Since version 0.10.0 of Sandthorn the concept events have been introduced to abstract away the usage of commit. Commit still works as before but we think that the events abstraction makes the aggregate more readable.

Sandthorn::AggregateRoot.save

Once one or more commits have been applied to an aggregate it should be saved. This means all commited events will be persisted by the specific Sandthorn driver. save is called by the owning object.

board = Board.new
board.mark :o, 0, 1
board.save

Sandthorn::AggregateRoot.all

It is possible to retrieve an array with all instances of a specific aggregate.

Board.all

Since it return's an Array you can, for example, filter on an aggregate's fields

Board.all.select { |board| board.active == true }

Sandthorn::AggregateRoot.find

Using find it is possible to retrieve a specific aggregate using it's id.

uuid = '550e8400-e29b-41d4-a716-446655440000'
board = Board.find(uuid)
board.aggregate_id == uuid

If no aggregate with the specifid id is found, a Sandthorn::Errors::AggregateNotFound exception is raised.

Sandthorn::AggregateRoot.aggregate_trace

Using aggregate_trace one can store meta data with events. The data is not aggregate specific, for example, one can store who executed a specific command on the aggregate.

board.aggregate_trace {player: "Fred"} do |aggregate|
   aggregate.mark :o, 0, 1
   aggregate.save
end

aggregate_trace can also be specified on a class.

Board.aggregate_trace {ip: :127.0.0.1} do
  board = Board.new
  board.mark :o , 0, 1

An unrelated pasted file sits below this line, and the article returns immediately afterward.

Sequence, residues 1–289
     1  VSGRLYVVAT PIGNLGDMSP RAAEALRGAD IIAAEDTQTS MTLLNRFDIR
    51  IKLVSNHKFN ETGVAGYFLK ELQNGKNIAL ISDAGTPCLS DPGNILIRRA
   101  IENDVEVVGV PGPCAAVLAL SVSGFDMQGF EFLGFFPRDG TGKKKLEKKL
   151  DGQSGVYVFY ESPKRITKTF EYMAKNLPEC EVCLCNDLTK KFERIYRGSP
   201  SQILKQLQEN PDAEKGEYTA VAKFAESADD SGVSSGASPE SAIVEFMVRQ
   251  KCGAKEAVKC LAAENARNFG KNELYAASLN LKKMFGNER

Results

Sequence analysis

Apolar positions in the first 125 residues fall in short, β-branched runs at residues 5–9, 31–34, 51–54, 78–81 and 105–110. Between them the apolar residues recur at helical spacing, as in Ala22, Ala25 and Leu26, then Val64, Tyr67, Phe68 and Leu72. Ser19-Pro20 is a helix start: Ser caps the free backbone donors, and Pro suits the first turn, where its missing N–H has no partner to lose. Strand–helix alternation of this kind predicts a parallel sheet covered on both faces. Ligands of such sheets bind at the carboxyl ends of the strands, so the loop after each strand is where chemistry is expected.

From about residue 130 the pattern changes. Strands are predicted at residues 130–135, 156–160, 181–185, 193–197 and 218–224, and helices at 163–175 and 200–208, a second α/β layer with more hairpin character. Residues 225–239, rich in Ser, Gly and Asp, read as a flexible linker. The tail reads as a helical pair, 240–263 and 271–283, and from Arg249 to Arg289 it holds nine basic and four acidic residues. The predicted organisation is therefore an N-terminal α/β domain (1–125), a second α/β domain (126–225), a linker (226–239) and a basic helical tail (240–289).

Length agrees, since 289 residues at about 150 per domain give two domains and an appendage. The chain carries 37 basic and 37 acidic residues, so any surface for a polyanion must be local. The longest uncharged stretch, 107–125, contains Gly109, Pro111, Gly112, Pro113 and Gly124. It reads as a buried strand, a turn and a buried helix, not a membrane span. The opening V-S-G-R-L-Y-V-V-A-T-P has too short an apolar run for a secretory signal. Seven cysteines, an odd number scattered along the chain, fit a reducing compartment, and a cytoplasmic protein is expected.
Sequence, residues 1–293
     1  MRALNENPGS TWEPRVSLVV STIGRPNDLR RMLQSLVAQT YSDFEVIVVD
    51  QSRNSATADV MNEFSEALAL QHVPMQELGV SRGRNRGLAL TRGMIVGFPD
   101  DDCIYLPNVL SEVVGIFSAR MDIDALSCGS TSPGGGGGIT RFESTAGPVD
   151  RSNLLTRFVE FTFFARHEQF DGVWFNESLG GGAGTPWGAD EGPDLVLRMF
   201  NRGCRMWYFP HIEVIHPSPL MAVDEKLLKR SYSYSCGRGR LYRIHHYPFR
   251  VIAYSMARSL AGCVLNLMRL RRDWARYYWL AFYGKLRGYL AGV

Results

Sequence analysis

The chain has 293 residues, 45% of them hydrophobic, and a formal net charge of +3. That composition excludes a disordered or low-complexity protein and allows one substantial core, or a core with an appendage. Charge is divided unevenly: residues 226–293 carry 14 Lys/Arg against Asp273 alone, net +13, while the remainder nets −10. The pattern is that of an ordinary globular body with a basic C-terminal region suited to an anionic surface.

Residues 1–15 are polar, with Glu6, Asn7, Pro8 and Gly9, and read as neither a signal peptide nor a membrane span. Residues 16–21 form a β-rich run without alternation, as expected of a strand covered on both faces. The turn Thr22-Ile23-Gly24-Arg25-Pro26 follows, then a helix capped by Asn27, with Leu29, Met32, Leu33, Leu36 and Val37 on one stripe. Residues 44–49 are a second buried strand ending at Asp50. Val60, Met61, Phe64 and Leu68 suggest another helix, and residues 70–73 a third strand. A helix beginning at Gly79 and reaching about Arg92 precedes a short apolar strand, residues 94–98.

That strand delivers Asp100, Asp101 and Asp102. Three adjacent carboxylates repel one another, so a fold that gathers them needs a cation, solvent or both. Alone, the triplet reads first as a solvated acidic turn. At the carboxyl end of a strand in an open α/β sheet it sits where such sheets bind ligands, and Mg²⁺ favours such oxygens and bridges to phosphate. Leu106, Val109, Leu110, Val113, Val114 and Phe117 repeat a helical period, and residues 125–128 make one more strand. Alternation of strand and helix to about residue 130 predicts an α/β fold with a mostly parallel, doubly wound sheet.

board.save
end
```

In this case, the resulting events from the commands `new` and `mark` will have the trace `{ip: :127.0.0.1}` attached to them.

## Bounded Context

A bounded context is a system divider that split large systems into smaller parts. [Bounded Context by Martin Fowler](http://martinfowler.com/bliki/BoundedContext.html)

A module can include `Sandthorn::BoundedContext` and all aggregates within the module can be retreived via the ::aggregate_types method on the module. A use case is to use it when Sandthorn is configured and setup all aggregates in a bounded context to a driver.

```ruby
require 'sandthorn/bounded_context'

module TicTacToe
  include Sandthorn::BoundedContext

  class Board
    include Sandthorn::AggregateRoot
  end
end

Sandthorn.configure do |conf|
  conf.event_stores = { foo: driver_foo}
  conf.map_types = { foo: TicTacToe.aggregate_types }
end

TicTacToe.aggregate_types -> [TicTacToy::Board]
```

# Development

Run tests: `rake`

Run benchmark tests: `rake benchmark`

Load a console: `rake console`

# Contributing

We're happy to accept pull requests that makes the code cleaner or more idiomatic, the documentation more understandable, or improves the testsuite. Even considering opening an issue for what's troubling you or writing a blog post about how you used Sandthorn is  worth a lot too!

In general, the contribution process for code works like this.

1. Fork this repo
2. Create your feature branch (`git checkout -b my-new-feature`)
3. Commit your changes (`git commit -am 'Add some feature'`)
4. Push to the branch (`git push origin my-new-feature`)
5. Create new Pull Request